Comparing the Spanish beamed ceiling with the more familiar French, Flemish, and English examples, we find that the Spanish was almost invariably of pine, and those north of the Pyrenees, of oak.
In the latter the art of joinery and molded sections was carried to a nicety.
Timber lengths were shortened and carefully dovetailed, mortised, and pinned; and so ingeniously were the component parts locked together that the master was free to carve or mold his beams without materially reducing their rigidity.
In the Spanish ceiling, on the contrary, construction remained crude. Beams were simply dimensioned, the transverse members resting on the principals instead of being let in.
When there was paneling between, it was visibly nailed in place instead of being pinned; carved and molded beams were rarely used.
Nevertheless, the whole, when painted, became at once the chief architectonic feature of a Spanish room.
No other built-in accessory in wood competed with it, for the room usually consisted of four flat unbroken walls. Only in Andalusia was the interior enlivened by a wainscot of colored tiles.
When carving was introduced into the beamed ceiling it was confined to the corbel.
It was not the robust carving of northern Europe; but the corbel was made to look, by a minimum of cutting, like a weird head.
Not that the Spaniard was unable to carve the figure; he excelled in it and elsewhere used it almost to excess, but that the whole ceiling tradition remained Moorish, and the Moor never cut the figure in the round. His carving was more likely to take the form of cutting back to a second plane
The Exposed Beam Type:
In its plainest form this type is practically little more than the exposed underside of the floor or roof construction above.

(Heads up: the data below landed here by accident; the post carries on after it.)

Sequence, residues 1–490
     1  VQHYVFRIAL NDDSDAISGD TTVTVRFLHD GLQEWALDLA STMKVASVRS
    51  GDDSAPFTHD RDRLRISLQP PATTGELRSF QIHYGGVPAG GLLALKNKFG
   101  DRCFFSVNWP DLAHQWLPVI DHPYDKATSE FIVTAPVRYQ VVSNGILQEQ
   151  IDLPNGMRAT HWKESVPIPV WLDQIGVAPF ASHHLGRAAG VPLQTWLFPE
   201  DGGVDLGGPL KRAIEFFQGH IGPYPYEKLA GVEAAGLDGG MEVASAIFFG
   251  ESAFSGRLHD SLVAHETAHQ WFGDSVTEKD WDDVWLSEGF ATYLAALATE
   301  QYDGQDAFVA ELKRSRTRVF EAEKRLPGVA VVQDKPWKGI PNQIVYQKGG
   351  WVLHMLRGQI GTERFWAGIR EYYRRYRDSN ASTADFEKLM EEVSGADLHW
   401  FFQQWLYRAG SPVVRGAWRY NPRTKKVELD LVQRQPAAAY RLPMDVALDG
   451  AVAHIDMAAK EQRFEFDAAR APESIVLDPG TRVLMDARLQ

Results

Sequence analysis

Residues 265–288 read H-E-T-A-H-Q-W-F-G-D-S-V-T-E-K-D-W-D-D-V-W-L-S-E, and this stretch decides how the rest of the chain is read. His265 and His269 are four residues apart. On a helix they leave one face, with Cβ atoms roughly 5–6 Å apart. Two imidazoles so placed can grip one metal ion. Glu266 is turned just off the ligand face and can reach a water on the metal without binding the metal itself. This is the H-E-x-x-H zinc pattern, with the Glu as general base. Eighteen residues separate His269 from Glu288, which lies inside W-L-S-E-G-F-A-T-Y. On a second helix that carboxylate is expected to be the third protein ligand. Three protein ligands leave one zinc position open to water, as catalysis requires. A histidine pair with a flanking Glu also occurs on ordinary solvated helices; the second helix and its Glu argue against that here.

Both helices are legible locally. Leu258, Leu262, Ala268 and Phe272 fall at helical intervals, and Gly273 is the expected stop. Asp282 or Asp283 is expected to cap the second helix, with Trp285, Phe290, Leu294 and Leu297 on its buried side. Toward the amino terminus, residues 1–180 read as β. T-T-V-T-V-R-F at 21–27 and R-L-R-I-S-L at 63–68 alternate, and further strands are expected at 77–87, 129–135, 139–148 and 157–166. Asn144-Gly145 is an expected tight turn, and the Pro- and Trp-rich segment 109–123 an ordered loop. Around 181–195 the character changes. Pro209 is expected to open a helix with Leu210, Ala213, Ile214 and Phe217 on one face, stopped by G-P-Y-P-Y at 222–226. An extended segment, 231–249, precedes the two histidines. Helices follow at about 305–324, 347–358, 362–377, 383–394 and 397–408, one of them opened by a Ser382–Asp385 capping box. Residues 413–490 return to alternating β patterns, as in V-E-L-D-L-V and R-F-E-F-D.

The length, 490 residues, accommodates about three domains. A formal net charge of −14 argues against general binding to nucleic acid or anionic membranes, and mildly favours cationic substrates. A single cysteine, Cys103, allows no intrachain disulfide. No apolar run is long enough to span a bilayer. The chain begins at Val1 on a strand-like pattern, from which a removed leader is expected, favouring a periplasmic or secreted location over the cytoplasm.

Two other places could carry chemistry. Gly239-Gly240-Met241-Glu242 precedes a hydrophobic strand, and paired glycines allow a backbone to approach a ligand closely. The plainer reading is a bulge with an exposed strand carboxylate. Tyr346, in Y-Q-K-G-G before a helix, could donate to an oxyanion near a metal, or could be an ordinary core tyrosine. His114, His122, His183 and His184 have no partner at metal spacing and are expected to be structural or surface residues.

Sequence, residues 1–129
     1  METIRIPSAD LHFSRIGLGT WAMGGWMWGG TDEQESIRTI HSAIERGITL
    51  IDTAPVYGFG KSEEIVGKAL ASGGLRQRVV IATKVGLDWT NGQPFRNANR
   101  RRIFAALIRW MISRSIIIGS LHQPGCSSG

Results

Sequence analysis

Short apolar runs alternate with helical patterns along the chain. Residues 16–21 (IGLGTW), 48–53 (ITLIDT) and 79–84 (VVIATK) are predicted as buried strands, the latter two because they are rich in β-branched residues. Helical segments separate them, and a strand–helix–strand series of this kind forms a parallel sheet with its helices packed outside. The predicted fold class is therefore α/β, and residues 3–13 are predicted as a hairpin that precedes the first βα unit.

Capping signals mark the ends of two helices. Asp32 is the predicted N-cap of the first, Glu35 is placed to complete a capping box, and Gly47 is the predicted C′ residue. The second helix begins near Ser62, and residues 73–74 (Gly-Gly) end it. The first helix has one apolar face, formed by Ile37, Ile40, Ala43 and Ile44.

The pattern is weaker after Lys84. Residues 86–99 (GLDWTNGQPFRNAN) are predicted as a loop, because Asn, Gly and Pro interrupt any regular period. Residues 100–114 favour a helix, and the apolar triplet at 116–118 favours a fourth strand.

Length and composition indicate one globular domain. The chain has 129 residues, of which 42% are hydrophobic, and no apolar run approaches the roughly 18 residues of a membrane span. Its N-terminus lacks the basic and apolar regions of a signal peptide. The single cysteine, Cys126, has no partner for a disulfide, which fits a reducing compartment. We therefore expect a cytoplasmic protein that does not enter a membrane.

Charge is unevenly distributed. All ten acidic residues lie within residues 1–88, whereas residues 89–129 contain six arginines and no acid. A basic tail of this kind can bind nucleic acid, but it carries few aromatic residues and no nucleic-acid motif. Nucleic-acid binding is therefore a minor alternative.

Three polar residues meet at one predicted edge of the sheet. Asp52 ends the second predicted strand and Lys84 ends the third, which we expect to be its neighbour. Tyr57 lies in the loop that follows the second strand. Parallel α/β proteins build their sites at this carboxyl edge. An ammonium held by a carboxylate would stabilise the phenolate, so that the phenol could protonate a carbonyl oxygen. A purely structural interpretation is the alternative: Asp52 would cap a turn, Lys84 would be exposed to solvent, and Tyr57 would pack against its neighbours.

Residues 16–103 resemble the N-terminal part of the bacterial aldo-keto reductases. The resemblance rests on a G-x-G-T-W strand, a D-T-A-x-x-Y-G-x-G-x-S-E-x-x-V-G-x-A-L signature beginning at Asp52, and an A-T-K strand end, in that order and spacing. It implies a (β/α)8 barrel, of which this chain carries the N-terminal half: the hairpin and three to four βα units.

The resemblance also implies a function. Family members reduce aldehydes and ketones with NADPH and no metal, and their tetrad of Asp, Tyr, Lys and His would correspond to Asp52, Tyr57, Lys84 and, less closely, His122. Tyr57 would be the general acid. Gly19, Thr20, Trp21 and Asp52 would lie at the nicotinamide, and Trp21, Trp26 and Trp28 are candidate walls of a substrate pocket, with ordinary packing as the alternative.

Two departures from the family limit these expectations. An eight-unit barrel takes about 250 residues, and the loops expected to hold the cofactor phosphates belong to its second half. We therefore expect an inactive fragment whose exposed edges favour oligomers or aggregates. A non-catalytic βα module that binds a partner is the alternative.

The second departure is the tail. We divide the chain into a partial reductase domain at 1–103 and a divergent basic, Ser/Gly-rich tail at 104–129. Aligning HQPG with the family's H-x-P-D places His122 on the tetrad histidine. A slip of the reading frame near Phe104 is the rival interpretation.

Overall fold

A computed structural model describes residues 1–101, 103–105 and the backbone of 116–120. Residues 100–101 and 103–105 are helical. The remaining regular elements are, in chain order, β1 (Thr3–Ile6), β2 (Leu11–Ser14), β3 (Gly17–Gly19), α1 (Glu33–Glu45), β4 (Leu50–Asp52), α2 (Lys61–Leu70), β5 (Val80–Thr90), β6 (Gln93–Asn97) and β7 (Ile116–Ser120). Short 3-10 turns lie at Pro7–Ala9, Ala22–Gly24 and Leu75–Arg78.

In actual making, it is the simplest of all, consisting of a series of principal beams extending from wall to wall and supporting a secondary tier of smaller transverse members.
The beams may be set either flat or to form a pitch, according to whether there is a floor or roof directly overhead. In large lofty halls the covering often rests on stone arches thrown across the room, an ancient method of which there are Asiatic and early Lombard prototypes.
The medieval flat beamed ceiling was the preferred covering for the Romanesque cloister gallery north as well as south of the Pyrenees. In Spain during the eleventh and twelfth centuries monastic houses, built mostly by French monks, sprang up all over the regions from which the Moor had been driven.
Naturally, none of their primitive wooden cloister ceilings remain, but the most ancient survivors, like that at Santo Domingo de Silos dating from the fifteenth century, give a fair idea of what the earlier ones were like in form.
That the covering of the cloister walk should have passed in time to the patio walk of the castle or palace is natural enough. Here and in domestic work, in general, ceiling-makers varied the detail until they reached a point appreciably distant from cloister simplicity.
In monastic examples master-beams were placed from six to, eight feet on center, and smaller transverse pieces from twelve to fifteen inches apart. This is not an uncommon arrangement in later-day domestic work, but where rooms were wide, master-beams were sometimes omitted altogether and a series of equally stout timbers were placed about twenty-four inches on center.
Where the span was very great, the beam ends rested on projecting corbels often two or three feet in length. This corbel or mensula was frequently carved in the conventional Eastern fashion, and its use tended to give the ceiling a camber, thus correcting the sag so inevitable in old wooden ceilings.
In many examples, monastic and secular, a structural refinement is encountered in the form of a board fill between the small beams of the secondary tier at their point of rest on the master-beams.
This greatly reduces the nakedness of the timbering, by giving the smaller members every appearance of being housed into the principals instead of merely resting on them.
The fill is often inclined outward, a precedent set in early monastic work in order, it would appear, to facilitate reading the legends and escutcheons inscribed thereon; in such instances, however, the wall- or frieze-board between the master-beams is set at a similar angle.
As to the altogether crude method of putting together these coverings, it has already been touched upon in comparing the Spanish beamed ceiling with the Gothic examples of England and northern France.
Besides the painted ceilings, a goodly number of undecorated ones survive. Many are of imposing size with beams hewn from enormous timbers and resting on carved corbels.
An interesting and ancient one may be found in the room under the library in the monastery of Santa Maria de Huerta, between Sigiienza and Calatayud . In several old houses around the cathedral in Barcelona are others whose only decoration is the painted escutcheon on the corbel faces.